At issue for Democrats and Republicans is the amount of unemployment assistance for Americans. The White House has come out in favor of reducing the federal assistance to $200 a week, Democrats have called for keeping it at $600 a week. However, the parties appear to both support a fresh round of stimulus checks of $1,200 for workers.

Right now, upward momentum continues, and we will stay on board subject our exit strategy.

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ETFs On The Cutline – Updated Through 07/31/2020

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Below, please find the latest High-Volume ETF Cutline report, which shows how far above or below their respective long-term trend lines (39-week SMA) my currently tracked ETFs are positioned.

This report covers the HV ETF Master List from Thursday’s StatSheet and includes 312 High Volume ETFs, defined as those with an average daily volume of more than $5 million, of which currently 198 (last week 198) are hovering in bullish territory. The yellow line separates those ETFs that are positioned above their trend line (%M/A) from those that have dropped below it.

Take a look:                                                                   

The HV ETF Master Cutline Report

In case you are not familiar with some of the terminology used in the reports, please read the Glossary of Terms. If you missed the original post about the Cutline approach, you can read it here.      

ETF Tracker Newsletter For July 31, 2020

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ETF Tracker StatSheet          

You can view the latest version here.


[Chart courtesy of]

  1. Moving the markets

After Big Tech delivered blow-out earnings after the close yesterday, the futures market had the Nasdaq up by some 2% stoking hopes that the regular cash market would follow that bullish premise.

It was not meant to be, as the major indexes, despite starting the session in the green, lost momentum and subsequently dropped below their respective unchanged lines, but gold resisted the sell-off.

The Nasdaq fared the best despite mixed earnings results, disappointing econ data and the same inconclusive jawboning about the next corona virus rescue package by Dems and Reps on Capitol Hill.  

Just as thigs looked the bleakest, a powerful rally pulled equities out of their doldrums, momentum reversed, and we closed out the week and the month with a bang. If you had to guess which asset class scored the best during July and said the “Nasdaq,” you would be wrong, as this chart shows:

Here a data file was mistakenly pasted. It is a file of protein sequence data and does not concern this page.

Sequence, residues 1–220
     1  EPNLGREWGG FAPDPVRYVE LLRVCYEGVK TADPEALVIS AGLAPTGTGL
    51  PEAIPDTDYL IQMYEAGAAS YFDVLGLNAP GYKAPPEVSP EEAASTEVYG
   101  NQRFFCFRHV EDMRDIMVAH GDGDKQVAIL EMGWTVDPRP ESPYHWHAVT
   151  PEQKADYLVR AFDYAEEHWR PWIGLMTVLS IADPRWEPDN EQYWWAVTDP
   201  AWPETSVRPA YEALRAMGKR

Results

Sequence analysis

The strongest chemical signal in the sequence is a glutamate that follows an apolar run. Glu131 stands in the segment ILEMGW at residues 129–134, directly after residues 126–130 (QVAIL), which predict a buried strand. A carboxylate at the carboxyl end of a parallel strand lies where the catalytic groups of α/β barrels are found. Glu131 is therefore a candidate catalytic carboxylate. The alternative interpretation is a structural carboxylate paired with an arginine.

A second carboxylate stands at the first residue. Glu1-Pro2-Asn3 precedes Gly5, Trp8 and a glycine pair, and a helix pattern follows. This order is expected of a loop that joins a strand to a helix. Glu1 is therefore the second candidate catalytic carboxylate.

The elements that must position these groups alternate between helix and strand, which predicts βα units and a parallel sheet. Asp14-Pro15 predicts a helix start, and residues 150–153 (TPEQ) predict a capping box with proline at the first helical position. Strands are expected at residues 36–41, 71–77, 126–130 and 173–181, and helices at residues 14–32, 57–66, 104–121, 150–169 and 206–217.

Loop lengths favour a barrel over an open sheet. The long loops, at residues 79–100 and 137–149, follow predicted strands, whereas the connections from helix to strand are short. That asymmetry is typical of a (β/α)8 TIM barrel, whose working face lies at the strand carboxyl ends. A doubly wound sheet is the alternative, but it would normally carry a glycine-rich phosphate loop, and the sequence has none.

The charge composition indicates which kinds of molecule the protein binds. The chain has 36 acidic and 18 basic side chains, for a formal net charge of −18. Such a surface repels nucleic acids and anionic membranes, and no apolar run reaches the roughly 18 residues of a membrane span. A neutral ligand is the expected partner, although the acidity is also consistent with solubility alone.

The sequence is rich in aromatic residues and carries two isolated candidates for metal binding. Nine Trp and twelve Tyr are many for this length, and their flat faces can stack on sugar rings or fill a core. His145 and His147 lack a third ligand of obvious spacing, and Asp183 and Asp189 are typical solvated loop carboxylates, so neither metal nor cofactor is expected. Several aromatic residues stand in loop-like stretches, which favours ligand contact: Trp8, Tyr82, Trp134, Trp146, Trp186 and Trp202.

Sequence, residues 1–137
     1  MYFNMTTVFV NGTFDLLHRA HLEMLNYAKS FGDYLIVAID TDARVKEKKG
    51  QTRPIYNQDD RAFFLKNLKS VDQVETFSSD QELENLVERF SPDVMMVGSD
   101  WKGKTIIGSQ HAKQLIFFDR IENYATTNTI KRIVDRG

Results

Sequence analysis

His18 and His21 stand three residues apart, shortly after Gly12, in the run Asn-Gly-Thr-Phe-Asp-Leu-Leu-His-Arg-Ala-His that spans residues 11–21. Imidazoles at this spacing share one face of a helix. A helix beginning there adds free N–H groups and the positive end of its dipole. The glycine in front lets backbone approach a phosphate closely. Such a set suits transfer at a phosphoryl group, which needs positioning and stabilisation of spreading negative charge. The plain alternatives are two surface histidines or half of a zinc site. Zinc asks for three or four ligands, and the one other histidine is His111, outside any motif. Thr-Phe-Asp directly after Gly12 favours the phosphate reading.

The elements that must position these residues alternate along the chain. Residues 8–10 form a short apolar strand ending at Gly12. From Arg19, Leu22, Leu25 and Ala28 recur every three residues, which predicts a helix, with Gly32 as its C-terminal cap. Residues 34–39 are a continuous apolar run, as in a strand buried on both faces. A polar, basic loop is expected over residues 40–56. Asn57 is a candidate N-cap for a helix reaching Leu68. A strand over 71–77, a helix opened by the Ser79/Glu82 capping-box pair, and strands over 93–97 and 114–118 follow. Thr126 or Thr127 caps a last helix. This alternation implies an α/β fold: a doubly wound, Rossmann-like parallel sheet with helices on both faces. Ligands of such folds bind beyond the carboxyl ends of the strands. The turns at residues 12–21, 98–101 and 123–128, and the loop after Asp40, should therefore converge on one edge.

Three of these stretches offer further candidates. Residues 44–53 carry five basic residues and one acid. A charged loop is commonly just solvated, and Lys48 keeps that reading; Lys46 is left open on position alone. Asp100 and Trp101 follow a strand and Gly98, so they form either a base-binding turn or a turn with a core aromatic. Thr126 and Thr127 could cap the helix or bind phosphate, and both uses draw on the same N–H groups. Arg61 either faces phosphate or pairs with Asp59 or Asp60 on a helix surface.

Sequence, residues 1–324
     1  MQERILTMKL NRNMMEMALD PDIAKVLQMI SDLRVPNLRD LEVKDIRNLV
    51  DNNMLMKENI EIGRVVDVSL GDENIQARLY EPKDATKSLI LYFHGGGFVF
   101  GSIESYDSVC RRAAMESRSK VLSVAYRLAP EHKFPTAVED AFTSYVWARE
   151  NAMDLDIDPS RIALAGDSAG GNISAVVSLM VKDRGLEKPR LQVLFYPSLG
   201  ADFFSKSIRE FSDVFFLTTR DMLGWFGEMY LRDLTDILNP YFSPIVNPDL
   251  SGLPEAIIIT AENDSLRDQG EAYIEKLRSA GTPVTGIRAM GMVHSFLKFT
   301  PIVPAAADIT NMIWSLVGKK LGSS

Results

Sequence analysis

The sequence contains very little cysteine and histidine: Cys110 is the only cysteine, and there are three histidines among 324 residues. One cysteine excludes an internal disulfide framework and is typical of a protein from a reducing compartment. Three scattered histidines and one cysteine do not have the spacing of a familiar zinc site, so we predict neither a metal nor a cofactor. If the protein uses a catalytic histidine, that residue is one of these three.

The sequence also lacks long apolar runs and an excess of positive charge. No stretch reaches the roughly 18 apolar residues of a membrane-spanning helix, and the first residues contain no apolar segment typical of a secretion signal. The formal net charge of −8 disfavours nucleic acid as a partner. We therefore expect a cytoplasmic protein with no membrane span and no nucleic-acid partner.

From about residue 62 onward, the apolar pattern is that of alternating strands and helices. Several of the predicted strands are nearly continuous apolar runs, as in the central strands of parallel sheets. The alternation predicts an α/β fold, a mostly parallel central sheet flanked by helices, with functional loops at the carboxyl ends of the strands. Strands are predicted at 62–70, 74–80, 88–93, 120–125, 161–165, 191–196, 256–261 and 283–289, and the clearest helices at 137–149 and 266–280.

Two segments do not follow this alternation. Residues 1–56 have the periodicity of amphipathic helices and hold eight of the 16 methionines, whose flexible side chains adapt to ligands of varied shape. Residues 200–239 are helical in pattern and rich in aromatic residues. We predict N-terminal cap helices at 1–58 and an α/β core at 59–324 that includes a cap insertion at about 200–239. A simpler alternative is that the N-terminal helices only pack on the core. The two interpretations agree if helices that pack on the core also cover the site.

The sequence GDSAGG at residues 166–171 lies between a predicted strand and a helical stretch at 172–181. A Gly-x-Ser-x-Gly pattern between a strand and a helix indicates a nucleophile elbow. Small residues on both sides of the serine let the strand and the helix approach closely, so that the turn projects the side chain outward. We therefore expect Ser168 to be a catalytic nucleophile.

Gold (GLD) was the clear winner with +10.79% with the Nasdaq (QQQ) taking a distant 3rd place despite a respectful +7.35%, and the Dow being the laggard with +2.38%.

This asset bubble has now been seemingly blown out of proportion, thanks to Fed intervention, with ZH pointing to these stats:

All-time high monthly close in S&P 500

All-time low 10Y yield close

All-time high in gold

And then summing up the month:

Stocks up, Bonds up, Gold up, Silver up, Oil up, Crypto up, Dollar Down (along with Fed credibility.)

Be that as it may, the major trends for our selected ETFs remain bullish and will keep us invested until a substantial reversal occurs that triggers our exit strategy.   

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Weekly StatSheet For The ETF Tracker Newsletter – Updated Through 07/30/2020

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ETF Data updated through Thursday, July 30, 2020

Methodology/Use of this StatSheet:

1. From the universe of over 1,800 ETFs, I have selected only those with a trading volume of over $5 million per day (HV ETFs), so that liquidity and a small bid/ask spread are assured.

2. Trend Tracking Indexes (TTIs)

Buy or Sell decisions for Domestic and International ETFs (section 1 and 2), are made based on the respective TTI and its position either above or below its long-term M/A (Moving Average). A crossing of the trend line from below accompanied by some staying power above constitutes a “Buy” signal. Conversely, a clear break below the line constitutes a “Sell” signal. Additionally, I use a 7.5% trailing stop loss on all positions in these categories to control downside risk.

3. All other investment arenas do not have a TTI and should be traded based on  the position of the individual ETF relative to its own respective trend line (%M/A). That’s why those signals are referred to as a “Selective Buy.” In other words, if an ETF crosses its own trendline to the upside, a “Buy” signal is generated. Since these areas tend to be more volatile, I recommend a wider trailing sell stop of 7.5% -10% depending on your risk tolerance.

If you are unfamiliar with some of the terminology, please see Glossary of Terms and new subscriber information in section 9.     

1. DOMESTIC EQUITY ETFs: BUY — since 07/22/2020

Click on chart to enlarge

Our main directional indicator, the Domestic Trend Tracking Index (TTI-green line in the above chart) has now rallied above its long-term trend line (red) by +3.43% and is in “BUY” mode as posted.